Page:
Kabul: Dozens of Afghan women activists on Sunday held protests in Afghanistan demanding political and social inclusion. These women sought female representation in the caretaker government of the Taliban and said that they will not stop resisting until their role in the new government is clarified, Tolo News reported.
"Today, October 10, is World Women Solidarity Day with Afghan Women. And women from over 100 countries are due to protest in support of Afghan women," a protester said. Another protester added, the Taliban repeatedly say that women have the right to education, work and political inclusion in the government, and they should show it in practice.
The Taliban have been continuously trying to portray a good image in front of the world while promising rights to women and minorities but the on-ground situation in Afghanistan shows that all these are mere words by the Taliban.
During the protest, a former government employee also expressed frustration with the Taliban and said that the government formed by the group will collapse if women are not included in decision making.
As the Taliban took control of Afghanistan once again after 20 years, experts believe that Afghan women are most likely to face an uncertain future under the group's regime. Days ago, veteran women's rights activist Mehbouba Siraj had also urged the international community to fully support Afghan women amid the deteriorating situation in the war-torn nation, reported Pajhwok Afghan News.
The interim mayor of Afghanistan's capital Kabul in many female city employees have been ordered to stay home by the country's new Taliban regime. Hamdullah Namony told reporters in September that only women who could not be replaced by men have been permitted to report to work. He says this includes skilled workers in the design and engineering departments as well as female attendants of public toilets for women.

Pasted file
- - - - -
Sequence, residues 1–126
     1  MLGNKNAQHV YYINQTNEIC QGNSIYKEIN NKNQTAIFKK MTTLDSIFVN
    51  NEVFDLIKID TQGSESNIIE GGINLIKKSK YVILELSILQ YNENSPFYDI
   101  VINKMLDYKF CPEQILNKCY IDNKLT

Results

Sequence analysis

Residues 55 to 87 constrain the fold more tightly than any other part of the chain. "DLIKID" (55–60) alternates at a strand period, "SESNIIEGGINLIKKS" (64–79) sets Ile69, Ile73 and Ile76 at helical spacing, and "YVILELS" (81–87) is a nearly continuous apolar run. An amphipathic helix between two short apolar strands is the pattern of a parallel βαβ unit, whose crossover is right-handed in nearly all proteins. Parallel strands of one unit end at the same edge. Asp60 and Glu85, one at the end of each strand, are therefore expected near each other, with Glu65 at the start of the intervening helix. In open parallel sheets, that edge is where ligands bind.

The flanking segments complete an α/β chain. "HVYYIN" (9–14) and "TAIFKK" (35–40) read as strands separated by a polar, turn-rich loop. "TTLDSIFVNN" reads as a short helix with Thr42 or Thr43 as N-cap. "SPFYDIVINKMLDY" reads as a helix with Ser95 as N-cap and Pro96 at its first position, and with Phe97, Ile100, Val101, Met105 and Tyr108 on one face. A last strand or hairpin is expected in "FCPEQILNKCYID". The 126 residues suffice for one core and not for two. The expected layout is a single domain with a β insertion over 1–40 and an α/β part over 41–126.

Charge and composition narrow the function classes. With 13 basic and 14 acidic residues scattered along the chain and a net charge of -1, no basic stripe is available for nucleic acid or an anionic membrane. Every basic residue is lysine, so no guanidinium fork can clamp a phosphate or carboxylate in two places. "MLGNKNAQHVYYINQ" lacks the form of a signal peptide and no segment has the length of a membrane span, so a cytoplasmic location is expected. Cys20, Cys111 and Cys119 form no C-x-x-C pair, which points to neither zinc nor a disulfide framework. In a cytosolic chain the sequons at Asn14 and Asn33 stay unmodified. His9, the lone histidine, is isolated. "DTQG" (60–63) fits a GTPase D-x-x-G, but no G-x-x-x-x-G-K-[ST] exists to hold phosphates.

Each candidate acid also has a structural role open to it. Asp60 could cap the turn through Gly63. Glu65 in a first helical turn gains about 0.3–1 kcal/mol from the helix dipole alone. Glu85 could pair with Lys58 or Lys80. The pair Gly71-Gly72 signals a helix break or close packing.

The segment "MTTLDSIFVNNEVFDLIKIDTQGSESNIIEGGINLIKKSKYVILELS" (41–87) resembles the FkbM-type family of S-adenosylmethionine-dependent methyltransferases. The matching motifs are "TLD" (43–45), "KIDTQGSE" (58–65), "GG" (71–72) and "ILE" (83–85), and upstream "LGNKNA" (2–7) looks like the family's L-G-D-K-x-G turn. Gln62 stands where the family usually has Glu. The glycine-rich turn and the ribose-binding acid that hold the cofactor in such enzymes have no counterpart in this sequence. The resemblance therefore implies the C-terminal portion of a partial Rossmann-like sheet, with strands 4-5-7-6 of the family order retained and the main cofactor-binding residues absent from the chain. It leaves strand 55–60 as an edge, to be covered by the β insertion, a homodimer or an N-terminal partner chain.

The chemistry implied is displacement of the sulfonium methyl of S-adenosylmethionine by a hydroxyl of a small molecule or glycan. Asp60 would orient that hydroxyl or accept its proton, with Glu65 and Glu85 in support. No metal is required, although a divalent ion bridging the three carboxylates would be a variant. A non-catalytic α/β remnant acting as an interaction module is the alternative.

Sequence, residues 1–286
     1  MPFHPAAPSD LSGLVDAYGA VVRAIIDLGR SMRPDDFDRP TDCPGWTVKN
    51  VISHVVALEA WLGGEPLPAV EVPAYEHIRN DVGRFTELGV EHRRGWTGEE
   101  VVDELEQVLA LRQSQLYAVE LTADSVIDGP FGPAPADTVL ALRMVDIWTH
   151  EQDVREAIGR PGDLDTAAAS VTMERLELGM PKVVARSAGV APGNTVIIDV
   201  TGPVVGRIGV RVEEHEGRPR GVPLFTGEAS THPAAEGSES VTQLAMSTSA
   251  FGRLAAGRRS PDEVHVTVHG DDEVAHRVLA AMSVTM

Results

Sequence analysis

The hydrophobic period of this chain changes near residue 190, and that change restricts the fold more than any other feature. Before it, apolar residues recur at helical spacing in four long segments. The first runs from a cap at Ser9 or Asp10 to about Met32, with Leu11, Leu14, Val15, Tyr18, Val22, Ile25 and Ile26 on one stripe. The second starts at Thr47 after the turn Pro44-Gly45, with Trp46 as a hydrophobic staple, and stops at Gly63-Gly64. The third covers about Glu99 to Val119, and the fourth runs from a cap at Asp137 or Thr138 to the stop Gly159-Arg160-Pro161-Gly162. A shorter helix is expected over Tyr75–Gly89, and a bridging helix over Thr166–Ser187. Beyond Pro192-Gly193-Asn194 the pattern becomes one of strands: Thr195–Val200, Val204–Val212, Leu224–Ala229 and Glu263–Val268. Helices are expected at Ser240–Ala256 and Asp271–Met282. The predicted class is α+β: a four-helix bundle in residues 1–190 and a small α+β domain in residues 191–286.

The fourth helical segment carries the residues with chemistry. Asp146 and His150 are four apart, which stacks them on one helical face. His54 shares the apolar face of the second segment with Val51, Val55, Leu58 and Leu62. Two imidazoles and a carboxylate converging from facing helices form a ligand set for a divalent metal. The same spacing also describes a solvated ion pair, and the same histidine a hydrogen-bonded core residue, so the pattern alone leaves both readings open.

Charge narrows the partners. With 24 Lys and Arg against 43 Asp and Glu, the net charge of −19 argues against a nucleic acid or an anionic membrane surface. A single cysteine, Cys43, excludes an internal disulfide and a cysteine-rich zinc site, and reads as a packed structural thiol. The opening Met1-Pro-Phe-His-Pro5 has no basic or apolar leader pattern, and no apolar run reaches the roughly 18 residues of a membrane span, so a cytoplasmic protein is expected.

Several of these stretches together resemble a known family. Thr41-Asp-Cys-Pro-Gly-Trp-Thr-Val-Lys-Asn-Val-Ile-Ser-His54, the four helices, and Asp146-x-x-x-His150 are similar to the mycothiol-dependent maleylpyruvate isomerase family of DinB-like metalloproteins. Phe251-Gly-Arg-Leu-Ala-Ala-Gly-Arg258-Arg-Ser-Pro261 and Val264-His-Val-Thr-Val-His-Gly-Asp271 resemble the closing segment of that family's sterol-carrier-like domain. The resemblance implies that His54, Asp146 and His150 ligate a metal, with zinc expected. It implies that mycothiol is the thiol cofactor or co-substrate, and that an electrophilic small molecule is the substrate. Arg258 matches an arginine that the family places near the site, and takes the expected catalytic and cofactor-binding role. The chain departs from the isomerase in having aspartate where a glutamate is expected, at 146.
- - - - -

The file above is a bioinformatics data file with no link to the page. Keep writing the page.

Namony's comments were another sign that the Taliban are enforcing their harsh interpretation of Islam, including restrictions on women in public life, despite their initial promises of tolerance and inclusion. In their previous rule in the 1990s, the Taliban had barred girls and women from schools and jobs. But women in Afghanistan have demanded the right to return to government jobs, reported TOLOnews.
According to data by the Reform and Civil Service Commission (RCSC), around1,20,000 women were working in civil organizations in the previous government. It is still unclear how the new government will decide on women working in the government.
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